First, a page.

We Have Taxes to Thank for Star Wars


Nostalgia has overwhelmed Star Wars fans as they anticipate the release of the new trilogy in the middle of December—for epic space battles, dramatic light saber duels, mythic overtones, familiar musical scores and beloved characters. Lost in this yearning is just how the whole epic story began. Before there could be a clone war, a Skywalker losing some limbs in a light saber duel, a Death Star, a Death Star blowing up, another Skywalker losing a limb in a light saber duel and another Death Star blowing up, there was—and, believe me, the Star Wars fan in me wishes I was making this up—a tax controversy.

To answer just how this was so, and also perhaps why Disney quietly declined to incorporate any new George Lucas ideas into the upcoming new trilogy, we need to go back in time to the last time a new Star Wars trilogy was upon us, in 1999. The debut of “The Phantom Menace,” which was the first episode of this “prequel” to the original Star Wars trilogy, was as much a cultural phenomenon as it was a movie release. Fans had waited an entire generation for this day. They’d spent thousands of dollars on R2D2 cereal boxes and Death Star-themed waffle makers. They’d put actual jobs and personal lives on hold so they could camp out in lines for the first midnight showings. When the lights dimmed, they literally cheered like they were at a sporting event. When the 20th Century Fox logo appeared on the screen, they cheered even louder. When the iconic phrase, “A Long Time Ago, in a Galaxy Far, Far Away” spread across the screen, we—I mean, “they”—entered a state of nerded bliss. And then, finally, the opening crawl appeared that would introduce them to the story of how this Star Wars saga to which they had devoted so much had all begun. The galactic republic, this text said, was engulfed in turmoil…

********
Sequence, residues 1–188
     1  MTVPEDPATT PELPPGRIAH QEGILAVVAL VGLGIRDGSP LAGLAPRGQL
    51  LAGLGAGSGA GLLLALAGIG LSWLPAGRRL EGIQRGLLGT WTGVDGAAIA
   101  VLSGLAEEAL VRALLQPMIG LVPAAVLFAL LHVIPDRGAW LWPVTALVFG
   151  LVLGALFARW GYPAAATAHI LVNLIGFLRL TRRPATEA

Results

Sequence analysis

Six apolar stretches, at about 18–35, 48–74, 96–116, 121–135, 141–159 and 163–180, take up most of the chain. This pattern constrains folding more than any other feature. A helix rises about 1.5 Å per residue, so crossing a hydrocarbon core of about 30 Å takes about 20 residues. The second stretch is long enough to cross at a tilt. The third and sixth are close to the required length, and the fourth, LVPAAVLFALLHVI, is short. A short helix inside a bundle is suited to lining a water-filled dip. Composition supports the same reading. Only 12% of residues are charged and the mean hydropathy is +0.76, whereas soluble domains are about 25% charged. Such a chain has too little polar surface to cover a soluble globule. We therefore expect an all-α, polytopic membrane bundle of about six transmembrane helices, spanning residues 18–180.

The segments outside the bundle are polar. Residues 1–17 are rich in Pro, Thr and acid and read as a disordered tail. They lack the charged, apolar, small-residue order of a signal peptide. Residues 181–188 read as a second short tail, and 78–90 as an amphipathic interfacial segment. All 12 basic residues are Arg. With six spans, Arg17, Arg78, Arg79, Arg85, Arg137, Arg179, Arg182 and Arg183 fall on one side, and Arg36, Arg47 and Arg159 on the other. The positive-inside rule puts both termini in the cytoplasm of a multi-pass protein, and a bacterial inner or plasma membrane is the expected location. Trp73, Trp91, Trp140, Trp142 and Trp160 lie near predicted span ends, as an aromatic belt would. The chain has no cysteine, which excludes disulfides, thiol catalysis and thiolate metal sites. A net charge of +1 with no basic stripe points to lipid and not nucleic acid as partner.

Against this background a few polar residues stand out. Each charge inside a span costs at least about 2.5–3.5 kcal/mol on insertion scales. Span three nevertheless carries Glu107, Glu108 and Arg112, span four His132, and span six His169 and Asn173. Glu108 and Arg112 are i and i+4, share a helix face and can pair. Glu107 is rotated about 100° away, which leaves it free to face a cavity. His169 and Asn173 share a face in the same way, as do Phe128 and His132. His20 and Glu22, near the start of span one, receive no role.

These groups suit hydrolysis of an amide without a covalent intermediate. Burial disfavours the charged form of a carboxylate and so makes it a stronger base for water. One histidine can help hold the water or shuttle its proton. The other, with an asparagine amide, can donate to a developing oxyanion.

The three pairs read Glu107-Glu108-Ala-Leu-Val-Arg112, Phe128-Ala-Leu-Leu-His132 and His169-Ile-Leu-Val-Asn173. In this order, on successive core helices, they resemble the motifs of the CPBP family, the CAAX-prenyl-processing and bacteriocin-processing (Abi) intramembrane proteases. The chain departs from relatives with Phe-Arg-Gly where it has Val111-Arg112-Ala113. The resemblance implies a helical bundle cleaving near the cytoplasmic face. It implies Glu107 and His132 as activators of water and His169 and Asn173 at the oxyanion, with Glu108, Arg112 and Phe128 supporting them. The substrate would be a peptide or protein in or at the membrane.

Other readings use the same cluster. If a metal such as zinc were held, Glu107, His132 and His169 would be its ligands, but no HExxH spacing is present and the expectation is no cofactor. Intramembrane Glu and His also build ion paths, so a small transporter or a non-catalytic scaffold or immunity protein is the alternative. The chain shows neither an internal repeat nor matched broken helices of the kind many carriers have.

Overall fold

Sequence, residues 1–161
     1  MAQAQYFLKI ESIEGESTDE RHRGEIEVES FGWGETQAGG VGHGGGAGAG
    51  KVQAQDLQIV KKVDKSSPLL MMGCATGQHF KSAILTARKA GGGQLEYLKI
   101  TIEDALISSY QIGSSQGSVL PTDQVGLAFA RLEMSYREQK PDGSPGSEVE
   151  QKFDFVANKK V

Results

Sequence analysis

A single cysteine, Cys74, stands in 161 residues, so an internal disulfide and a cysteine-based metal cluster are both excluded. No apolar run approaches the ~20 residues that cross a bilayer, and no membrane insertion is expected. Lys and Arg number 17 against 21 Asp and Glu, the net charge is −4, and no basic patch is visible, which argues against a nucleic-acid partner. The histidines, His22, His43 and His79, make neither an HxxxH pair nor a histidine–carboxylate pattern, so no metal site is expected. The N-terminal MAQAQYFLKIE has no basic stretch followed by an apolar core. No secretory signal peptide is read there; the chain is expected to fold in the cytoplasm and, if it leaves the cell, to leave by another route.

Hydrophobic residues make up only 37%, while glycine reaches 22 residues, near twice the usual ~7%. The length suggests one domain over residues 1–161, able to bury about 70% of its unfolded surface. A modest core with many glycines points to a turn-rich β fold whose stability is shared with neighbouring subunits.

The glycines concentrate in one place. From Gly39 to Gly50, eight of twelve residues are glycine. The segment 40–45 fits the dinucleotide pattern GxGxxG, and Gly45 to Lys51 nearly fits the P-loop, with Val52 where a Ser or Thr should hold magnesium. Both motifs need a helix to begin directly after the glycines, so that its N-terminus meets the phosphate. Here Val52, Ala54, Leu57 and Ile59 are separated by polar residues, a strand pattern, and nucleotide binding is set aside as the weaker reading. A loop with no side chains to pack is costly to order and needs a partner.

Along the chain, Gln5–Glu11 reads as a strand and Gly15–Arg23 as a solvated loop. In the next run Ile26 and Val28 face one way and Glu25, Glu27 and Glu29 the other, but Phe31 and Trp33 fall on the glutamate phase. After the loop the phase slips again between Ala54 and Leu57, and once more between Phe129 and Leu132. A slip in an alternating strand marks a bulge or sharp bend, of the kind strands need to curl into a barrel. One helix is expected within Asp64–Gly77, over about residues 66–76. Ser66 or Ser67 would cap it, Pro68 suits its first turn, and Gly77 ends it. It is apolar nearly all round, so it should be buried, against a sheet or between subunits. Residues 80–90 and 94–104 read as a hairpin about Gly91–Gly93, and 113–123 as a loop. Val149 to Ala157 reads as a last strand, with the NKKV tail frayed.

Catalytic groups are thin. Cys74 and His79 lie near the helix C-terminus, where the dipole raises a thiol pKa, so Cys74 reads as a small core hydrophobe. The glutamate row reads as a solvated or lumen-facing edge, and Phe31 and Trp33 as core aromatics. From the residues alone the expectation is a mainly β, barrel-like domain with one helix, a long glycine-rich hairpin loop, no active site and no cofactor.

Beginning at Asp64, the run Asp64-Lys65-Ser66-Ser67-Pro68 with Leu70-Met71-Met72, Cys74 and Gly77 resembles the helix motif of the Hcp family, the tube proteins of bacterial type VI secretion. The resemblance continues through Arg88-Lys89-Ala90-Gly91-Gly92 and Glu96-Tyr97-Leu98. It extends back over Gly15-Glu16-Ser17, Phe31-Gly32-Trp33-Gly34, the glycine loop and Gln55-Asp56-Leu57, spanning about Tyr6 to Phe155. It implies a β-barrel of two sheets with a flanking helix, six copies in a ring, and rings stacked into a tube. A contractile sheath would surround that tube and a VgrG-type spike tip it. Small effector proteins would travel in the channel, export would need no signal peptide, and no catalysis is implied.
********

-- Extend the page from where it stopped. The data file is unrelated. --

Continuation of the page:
… “The taxation of trade routes to outlying star systems was in dispute.”

Crickets.

To summarize briefly: This first episode of Star Wars started with a tax dispute. The “trade federation” did not like the fact that the republic had imposed a tax on its trade routes, and protested the tax by staging a blockade, and ultimately an invasion, of the peaceful planet of Naboo. Dissatisfied with the Republic’s inability to defend the planet, Naboo’s queen—at the urging of the planet’s then-Senator Palpatine—moved for a vote of no confidence in the Galactic Senate’s Chancellor. Palpatine then exploited the sense of sympathy for Naboo to get himself elected as Chancellor. Over the course of the next movies, Palpatine would then, essentially, transform the republic into a dictatorship, declare himself Emperor, convince Anakin Skywalker to become Darth Vader, build a couple Death Stars, and, evidently, abolish the galactic yellowpages, because it otherwise surely would have occurred to Darth Vader to streamline his epic quest to find his son, the “young Skywalker,” by looking under “S.” Peace was restored when Vader turned against Palpatine so he could save his son, or so we thought until the eve before the long-term capital gains rates jumped from 15% to 20% in 2012, when Lucas suddenly decided to sell Lucasfilm to Disney for a little over $4 billion and Disney promptly announced that it was making a new sequel trilogy.

None of which would have been possible if it wasn’t for a tax dispute. What Joseph Campbell* was to the original Star Wars, H & R Block was to the Phantom Menace.

* whose “The Hero with a Thousand Faces” was Lucas’ inspiration.